The environment and textile degradation
Like other kinds of artwork, environmental factors greatly determine the longevity of textiles. When deciding where to display textiles, make sure to consider humidity, lighting and exposure to airborne pollutants.
Lighting for textiles, as with works on paper or photographs, is of particular importance as it can not only fade color but also degrade the very structure of the object. Both natural light (sunlight) and indoor lighting cause damage, often regardless of the level of UV light, though UV light will accelerate the process. Once fibers begin to yellow and break down, the damage can not be undone and will need the expertise of a trained art restoration specialist. For this reason light exposure should be limited as much as possible, both in intensity and duration.
High temperature, which can be caused by lighting or other heat sources, will accelerate the breakdown of the fibers because it acts as a catalyst for chemical reactions. Do not hang, store or display textiles near fireplaces, lights or windows. They should also not be kept in attics, where temperatures can get very hot in the summer. Humidity should be kept at 35 – 70% and should not shift rapidly since dramatic changes in humidity can cause fabrics to expand and contract. This humidity range will also deter the growth of mold, the corrosion of any attached metals and prevent the flaking of any applied paint.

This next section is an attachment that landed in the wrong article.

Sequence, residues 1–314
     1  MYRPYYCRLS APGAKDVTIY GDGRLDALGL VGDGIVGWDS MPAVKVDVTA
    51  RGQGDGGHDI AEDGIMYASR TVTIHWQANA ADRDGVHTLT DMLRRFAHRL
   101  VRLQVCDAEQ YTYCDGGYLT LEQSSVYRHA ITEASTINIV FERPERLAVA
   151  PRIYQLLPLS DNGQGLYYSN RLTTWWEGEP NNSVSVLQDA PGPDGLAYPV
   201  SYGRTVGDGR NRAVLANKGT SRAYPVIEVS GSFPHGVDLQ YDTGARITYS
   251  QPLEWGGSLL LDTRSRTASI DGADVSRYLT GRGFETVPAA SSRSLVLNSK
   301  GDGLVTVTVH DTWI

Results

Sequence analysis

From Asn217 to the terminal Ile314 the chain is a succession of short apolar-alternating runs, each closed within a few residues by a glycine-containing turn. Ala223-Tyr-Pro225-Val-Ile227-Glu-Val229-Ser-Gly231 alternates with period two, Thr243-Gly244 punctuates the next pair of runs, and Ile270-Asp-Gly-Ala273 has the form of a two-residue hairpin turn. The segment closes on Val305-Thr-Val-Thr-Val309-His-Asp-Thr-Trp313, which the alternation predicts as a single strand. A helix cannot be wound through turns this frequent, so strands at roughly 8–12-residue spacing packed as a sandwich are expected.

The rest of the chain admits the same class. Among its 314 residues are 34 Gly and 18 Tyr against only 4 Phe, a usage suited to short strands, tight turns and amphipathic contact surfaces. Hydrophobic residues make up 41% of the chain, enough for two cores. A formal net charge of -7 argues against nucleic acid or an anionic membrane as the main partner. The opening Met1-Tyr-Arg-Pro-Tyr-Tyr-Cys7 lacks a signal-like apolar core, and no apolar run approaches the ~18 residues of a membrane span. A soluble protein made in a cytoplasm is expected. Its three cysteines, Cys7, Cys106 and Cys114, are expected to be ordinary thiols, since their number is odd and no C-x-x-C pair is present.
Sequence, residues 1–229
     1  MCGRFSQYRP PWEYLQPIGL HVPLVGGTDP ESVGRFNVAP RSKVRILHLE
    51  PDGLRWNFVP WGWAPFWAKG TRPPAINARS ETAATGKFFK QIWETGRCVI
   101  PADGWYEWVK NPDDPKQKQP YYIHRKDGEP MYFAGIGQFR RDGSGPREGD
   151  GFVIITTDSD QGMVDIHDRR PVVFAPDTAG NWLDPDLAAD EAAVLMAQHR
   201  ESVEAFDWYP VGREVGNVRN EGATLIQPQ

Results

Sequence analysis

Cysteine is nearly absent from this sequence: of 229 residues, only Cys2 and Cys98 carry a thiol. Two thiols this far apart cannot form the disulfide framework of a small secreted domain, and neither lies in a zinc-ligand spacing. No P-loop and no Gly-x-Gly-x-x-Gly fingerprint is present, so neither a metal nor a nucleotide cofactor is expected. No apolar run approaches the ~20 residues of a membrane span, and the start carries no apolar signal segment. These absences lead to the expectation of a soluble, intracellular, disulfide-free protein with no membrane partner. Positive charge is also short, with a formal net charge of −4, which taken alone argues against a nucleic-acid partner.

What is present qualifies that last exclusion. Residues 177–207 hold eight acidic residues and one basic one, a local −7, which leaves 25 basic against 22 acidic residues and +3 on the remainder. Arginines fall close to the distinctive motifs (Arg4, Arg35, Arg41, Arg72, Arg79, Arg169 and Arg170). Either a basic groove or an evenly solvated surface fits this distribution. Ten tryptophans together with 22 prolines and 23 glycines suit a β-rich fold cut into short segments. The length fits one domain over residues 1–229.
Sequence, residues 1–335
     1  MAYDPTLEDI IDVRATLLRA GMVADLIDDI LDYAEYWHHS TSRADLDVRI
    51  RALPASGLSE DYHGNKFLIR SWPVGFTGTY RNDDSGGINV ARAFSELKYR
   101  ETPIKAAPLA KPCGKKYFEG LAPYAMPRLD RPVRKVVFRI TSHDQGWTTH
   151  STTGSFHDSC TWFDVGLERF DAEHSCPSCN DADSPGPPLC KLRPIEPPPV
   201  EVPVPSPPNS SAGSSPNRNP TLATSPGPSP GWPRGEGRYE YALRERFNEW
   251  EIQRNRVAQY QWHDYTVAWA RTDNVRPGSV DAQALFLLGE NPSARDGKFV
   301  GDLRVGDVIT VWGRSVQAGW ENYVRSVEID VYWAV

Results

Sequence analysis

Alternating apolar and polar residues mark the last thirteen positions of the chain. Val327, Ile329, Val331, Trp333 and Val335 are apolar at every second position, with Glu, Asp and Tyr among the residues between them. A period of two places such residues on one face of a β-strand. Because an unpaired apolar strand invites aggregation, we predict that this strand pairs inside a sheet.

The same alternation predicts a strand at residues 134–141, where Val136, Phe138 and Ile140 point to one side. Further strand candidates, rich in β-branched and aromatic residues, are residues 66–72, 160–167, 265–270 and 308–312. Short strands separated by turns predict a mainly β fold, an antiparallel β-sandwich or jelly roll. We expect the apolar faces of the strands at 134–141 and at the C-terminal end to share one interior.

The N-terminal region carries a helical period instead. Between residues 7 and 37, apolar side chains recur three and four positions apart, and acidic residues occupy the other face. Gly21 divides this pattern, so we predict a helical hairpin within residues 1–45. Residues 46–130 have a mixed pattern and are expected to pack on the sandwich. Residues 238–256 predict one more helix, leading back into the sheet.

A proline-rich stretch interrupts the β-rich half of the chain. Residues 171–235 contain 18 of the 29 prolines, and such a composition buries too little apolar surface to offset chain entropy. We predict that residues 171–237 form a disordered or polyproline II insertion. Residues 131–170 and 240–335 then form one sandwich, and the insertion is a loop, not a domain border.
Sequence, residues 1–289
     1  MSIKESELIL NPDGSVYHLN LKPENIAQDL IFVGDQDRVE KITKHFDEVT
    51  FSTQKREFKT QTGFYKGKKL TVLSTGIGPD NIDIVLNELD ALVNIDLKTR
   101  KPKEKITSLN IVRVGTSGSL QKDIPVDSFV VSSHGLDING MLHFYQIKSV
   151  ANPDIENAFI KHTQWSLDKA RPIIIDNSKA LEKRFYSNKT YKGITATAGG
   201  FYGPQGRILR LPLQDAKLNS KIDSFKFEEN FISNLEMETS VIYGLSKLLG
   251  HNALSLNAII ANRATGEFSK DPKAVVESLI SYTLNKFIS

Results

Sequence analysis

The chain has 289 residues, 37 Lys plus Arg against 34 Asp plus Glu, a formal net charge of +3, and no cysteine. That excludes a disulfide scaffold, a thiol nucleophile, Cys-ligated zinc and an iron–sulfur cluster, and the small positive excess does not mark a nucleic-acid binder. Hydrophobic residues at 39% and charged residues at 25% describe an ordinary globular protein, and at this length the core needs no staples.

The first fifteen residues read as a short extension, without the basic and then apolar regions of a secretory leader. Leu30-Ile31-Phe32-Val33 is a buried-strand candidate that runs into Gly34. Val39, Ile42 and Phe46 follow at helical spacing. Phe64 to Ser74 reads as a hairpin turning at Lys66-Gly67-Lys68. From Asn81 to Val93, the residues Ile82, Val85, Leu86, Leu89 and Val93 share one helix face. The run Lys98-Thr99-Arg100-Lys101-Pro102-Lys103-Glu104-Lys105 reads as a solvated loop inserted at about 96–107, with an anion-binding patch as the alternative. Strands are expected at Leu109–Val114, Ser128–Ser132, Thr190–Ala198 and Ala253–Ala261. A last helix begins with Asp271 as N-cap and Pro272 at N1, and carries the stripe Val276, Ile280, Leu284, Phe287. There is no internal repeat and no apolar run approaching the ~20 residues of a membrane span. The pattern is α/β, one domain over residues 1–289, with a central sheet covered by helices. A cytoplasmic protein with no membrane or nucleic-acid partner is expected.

Air quality is also very important as pollutants can settle on fabrics and cause chemical reactions, quickening the disintegration of the textile. Dust and gritty particles can also cause small abrasions in the fibers, similar to minute tears. Even household chemicals can become airborne and settle on fabrics, causing them to fade and weaken.
Materials, specific damages and conservation-restoration interventions on an archaeological textile
13 Sep 2016 - Blog